Helpful Hints:
Alpha to Omega (A to Z)

Athens has some of the most wonderful museums In Europe, and certainly no trip would be complete without a visit to the Acropolis. You can take several fascinating day tips, including a day's cruise to the nearby Island of Hydra and Aegina; or a bus trip and guided tour of Delphi and/or the Meteora. These tours are sold by nearly all Athens travel agents and are reasonably priced.

Beaches on Tinos are plentiful, and just a few minutes walk past the STUDIO is a beach and small cafe for your mid-day meal. The water is warmest during the hot summer months, but swimming is possible as early as May and until the end of October. There are no nude beaches on Tinos, but many women go topless.

Clothing Is casual; shorts are permitted everywhere except churches and monasteries; a windbreaker or light jacket is essential; warm clothes are needed before June and after September. Good walking shoes are recommended; don't forget your bathing suit and sun block.

Drivers' licenses are required for all car/bike rentals. Cars are all late model and in good condition, but no cars are available with automatic transmission, and very few are air-conditioned. Generally, the roads are excellent (though narrow and winding), and driving is done on the right-hand side. By law, seatbelts are required as well as helmets for motorbikes.

Eating out can be a pleasure and moderately priced. Most restaurants have outdoor seating areas often with a view of the sea and the food is fresh, traditionally prepared and very healthy - the Mediterranean diet. Fresh fish is an island specialty, but expensive.

Film and batteries for your camera are readily available but might be slightly more expensive. Same-day developing is done on the island.

Guidebooks to Greece (such as FODORS, THE LONELY PLANET and THE ROUGH GUIDE) can be purchased from any bookshop in your country. THE GUIDEBOOK OF TINOS (128 pages with colour photos) can be ordered from the studio at the cost of $20 including shipping and postage. Send a personal check made out to PETROS DELLATOLAS.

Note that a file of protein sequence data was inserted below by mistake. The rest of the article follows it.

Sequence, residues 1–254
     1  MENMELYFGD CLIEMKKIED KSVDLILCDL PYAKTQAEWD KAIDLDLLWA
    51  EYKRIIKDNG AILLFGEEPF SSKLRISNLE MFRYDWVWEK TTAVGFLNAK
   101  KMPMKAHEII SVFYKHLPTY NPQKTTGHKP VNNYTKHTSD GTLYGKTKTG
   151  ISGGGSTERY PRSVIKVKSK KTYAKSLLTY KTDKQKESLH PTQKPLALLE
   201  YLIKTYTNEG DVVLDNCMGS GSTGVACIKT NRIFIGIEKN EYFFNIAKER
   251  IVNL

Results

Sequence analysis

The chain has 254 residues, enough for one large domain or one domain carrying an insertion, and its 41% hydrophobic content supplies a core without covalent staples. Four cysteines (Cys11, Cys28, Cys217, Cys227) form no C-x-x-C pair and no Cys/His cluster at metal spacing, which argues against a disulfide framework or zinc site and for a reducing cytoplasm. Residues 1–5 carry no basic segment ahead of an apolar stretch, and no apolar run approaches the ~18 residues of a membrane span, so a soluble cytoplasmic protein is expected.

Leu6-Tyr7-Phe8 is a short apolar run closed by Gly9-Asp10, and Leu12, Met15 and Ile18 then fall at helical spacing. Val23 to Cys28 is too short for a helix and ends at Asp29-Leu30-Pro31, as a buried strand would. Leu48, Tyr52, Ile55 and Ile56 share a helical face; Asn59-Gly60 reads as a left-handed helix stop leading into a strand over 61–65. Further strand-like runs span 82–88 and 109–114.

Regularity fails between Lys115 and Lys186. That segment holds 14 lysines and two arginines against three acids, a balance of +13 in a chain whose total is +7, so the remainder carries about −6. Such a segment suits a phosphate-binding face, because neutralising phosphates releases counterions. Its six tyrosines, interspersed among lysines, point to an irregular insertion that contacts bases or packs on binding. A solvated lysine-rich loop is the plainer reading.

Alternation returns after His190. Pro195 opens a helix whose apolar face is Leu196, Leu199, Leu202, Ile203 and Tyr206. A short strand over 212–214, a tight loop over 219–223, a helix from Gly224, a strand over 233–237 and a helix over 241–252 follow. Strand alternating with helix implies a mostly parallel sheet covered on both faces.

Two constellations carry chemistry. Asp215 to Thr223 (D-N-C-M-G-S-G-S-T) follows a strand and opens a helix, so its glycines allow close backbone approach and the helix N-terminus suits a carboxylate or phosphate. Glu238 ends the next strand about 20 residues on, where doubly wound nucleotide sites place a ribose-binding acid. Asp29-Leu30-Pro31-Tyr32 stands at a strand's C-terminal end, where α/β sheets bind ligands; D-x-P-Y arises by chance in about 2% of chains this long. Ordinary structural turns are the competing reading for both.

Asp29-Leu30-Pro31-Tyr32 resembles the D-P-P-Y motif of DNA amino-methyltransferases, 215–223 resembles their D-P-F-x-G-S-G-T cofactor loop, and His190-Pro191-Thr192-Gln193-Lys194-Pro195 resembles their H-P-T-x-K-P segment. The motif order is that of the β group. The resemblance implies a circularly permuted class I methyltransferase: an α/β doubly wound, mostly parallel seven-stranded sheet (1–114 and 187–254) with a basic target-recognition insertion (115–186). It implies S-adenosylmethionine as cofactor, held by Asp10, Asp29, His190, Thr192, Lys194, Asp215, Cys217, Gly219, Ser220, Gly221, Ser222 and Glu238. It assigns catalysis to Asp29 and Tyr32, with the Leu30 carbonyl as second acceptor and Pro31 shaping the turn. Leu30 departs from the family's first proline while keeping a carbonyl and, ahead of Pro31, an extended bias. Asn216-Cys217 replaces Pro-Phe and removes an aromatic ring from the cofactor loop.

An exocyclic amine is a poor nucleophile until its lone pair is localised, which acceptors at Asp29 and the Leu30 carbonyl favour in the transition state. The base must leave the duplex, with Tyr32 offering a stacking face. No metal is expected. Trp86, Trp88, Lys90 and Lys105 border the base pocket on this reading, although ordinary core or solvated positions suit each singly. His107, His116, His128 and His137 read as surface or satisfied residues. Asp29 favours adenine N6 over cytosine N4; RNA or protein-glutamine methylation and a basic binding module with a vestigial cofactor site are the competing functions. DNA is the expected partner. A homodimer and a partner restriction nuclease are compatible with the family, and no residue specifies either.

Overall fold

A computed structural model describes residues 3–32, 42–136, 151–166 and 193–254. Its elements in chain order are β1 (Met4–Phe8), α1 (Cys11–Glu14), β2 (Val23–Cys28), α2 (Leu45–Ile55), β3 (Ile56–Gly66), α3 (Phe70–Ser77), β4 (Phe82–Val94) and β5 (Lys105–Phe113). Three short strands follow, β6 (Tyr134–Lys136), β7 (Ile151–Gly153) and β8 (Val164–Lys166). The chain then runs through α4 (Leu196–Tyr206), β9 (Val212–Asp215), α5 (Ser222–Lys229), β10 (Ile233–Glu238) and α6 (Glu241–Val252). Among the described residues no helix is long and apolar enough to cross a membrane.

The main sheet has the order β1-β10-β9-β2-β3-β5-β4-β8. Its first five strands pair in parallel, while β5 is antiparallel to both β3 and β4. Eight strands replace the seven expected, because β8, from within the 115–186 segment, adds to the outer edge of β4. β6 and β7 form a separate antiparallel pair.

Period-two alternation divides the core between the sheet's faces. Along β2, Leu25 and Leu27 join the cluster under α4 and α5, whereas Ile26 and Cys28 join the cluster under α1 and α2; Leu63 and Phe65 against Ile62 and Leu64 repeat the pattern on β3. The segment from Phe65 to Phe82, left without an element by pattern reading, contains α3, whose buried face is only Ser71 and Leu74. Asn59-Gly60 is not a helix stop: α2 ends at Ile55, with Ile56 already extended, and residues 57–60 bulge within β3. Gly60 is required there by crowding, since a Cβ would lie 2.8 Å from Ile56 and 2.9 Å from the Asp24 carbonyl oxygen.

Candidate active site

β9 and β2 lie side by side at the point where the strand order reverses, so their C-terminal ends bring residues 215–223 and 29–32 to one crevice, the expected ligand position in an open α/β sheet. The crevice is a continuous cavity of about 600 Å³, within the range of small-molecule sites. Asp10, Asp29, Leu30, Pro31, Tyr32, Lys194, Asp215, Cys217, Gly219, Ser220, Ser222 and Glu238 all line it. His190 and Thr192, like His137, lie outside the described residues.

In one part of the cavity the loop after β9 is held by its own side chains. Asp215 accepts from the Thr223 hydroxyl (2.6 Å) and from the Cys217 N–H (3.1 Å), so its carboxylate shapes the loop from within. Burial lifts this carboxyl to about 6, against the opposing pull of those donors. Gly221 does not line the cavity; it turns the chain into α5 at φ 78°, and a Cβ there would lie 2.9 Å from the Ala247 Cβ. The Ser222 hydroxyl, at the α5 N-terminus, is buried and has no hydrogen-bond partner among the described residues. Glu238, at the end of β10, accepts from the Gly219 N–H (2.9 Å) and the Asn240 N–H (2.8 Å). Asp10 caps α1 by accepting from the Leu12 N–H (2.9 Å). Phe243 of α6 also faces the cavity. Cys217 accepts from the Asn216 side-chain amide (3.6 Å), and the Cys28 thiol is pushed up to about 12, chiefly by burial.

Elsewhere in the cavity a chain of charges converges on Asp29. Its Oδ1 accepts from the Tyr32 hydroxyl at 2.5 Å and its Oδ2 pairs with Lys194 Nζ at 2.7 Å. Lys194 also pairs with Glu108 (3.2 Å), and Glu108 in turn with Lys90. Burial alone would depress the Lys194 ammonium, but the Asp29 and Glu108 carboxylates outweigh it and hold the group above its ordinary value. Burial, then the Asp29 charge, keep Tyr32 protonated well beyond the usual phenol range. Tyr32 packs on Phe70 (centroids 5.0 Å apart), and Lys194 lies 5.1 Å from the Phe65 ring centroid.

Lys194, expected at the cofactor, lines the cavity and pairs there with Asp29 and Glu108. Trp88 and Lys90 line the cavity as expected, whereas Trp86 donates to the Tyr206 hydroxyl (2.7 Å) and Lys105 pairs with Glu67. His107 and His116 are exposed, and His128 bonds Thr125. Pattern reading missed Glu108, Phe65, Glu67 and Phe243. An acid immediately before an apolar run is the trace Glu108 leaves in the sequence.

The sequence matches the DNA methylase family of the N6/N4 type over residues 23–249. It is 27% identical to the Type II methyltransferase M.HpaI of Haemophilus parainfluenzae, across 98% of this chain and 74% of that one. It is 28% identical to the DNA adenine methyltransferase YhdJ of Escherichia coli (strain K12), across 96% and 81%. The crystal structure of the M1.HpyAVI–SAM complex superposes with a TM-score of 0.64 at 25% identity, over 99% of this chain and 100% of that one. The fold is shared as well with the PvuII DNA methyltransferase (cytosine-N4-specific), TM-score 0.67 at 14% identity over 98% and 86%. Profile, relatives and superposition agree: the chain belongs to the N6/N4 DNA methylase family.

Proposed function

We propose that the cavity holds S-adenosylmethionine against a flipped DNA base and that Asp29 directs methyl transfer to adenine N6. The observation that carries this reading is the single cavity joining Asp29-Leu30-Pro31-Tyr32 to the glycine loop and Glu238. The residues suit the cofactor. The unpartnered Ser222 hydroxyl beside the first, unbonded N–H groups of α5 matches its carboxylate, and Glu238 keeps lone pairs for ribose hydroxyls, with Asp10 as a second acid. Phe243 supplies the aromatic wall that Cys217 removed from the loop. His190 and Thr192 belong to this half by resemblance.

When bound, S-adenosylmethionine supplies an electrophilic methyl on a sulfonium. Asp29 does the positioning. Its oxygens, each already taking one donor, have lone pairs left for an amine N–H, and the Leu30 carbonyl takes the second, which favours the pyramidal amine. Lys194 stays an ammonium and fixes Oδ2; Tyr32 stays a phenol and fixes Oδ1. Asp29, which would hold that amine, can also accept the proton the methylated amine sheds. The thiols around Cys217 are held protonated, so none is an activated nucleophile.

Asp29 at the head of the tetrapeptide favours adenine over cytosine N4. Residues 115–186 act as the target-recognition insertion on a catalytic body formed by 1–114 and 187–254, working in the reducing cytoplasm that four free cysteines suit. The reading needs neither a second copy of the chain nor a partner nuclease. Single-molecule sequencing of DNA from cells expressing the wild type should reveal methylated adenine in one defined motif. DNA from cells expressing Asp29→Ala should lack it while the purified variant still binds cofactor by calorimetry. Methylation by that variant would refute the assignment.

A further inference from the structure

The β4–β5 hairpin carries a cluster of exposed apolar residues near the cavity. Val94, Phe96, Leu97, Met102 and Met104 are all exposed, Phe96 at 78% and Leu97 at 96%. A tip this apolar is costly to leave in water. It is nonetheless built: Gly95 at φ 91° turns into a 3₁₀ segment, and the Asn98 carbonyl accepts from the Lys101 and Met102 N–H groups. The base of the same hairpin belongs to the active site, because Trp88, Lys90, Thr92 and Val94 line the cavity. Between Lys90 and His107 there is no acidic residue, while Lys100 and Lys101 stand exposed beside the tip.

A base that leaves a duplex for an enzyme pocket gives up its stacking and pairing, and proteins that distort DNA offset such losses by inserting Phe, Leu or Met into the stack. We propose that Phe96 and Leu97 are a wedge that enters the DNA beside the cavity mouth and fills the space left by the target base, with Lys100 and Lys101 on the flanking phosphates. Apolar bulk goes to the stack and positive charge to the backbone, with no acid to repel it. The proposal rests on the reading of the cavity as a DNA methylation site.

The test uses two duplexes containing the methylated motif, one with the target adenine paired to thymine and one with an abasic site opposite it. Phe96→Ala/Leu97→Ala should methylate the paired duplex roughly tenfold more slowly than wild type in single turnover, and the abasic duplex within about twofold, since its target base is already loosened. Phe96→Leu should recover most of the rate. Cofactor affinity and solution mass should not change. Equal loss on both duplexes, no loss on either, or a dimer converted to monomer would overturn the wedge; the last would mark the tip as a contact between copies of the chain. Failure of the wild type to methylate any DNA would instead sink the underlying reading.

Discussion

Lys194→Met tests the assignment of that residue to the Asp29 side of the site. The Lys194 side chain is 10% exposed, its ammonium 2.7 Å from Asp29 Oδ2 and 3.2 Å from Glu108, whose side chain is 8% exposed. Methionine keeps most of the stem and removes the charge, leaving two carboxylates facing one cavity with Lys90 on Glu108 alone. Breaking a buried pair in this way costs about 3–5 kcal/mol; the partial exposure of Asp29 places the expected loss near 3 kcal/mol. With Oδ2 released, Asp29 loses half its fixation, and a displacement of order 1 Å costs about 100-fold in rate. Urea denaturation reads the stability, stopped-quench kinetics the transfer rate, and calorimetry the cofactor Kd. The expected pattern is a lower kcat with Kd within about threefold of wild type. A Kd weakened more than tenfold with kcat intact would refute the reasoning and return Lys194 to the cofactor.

Hospital facilities are not available on Tinos except for the National Health Care Clinic that can handle minor Illnesses and Injuries. Serious problems are treated at the hospital on nearby Syros or referred to Athens. In addition to the clinic, there are numerous physicians and dentists practicing on the Island.

Internet cafes and Internet access is widely available on the island. For travellers who bring their own laptops, the better class hotels have access in each room. The Greek servers Forthnet and OTENet sell cards that give you from two week to six-month service.

Java (As in coffee) is available in several forms. The traditional Greek/Turkish coffee is available everywhere. Hotels and restaurants also serve instant coffee and at cafeterias one even finds filter and cappuccino. Also popular in the summer is iced instant coffee called a "frappe".

Kiosks are tiny newsstands located throughout town that sell cigarettes, candy, ice cream, water, soft drinks, etc. They are usually open from early morning until late at night and some of them have metered phones for local and long distance phone calls. They all sell phone cards for all Greek pay phones and cell phone cards.

Language is always a challenge! Most shops, restaurants, and hotels have personnel that speak English, German or French. Foreign language newspapers, paperback books and magazines are sold at two newspaper stores in town.

Money exchange is done at the local banks or at the Post Office. The currency is the same throughout the European Union, the Euro, and exchange rates fluctuate daily. Most merchants prefer cash, and cash machines are scattered throughout town. Travellers' checks can be changed at banks, but if using credit cards, merchants might add 5-6% extra on your purchase. Banks are open Monday thru Friday, 0830. 1400.